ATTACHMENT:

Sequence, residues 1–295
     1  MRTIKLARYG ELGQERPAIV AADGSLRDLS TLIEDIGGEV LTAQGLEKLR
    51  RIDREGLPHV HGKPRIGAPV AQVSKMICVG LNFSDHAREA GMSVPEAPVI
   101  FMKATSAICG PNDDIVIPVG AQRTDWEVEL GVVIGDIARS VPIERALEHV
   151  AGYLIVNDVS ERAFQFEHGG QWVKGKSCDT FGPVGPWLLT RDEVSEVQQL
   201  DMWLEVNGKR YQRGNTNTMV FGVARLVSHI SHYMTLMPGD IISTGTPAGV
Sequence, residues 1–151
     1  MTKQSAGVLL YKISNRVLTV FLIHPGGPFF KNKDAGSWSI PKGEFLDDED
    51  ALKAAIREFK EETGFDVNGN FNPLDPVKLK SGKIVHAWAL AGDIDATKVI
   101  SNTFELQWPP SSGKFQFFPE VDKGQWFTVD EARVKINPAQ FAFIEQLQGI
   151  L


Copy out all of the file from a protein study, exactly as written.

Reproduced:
Sequence, residues 1–295
     1  MRTIKLARYG ELGQERPAIV AADGSLRDLS TLIEDIGGEV LTAQGLEKLR
    51  RIDREGLPHV HGKPRIGAPV AQVSKMICVG LNFSDHAREA GMSVPEAPVI
   101  FMKATSAICG PNDDIVIPVG AQRTDWEVEL GVVIGDIARS VPIERALEHV
   151  AGYLIVNDVS ERAFQFEHGG QWVKGKSCDT FGPVGPWLLT RDEVSEVQQL
   201  DMWLEVNGKR YQRGNTNTMV FGVARLVSHI SHYMTLMPGD IISTGTPAGV
Sequence, residues 1–151
     1  MTKQSAGVLL YKISNRVLTV FLIHPGGPFF KNKDAGSWSI PKGEFLDDED
    51  ALKAAIREFK EETGFDVNGN FNPLDPVKLK SGKIVHAWAL AGDIDATKVI
   101  SNTFELQWPP SSGKFQFFPE VDKGQWFTVD EARVKINPAQ FAFIEQLQGI
   151  L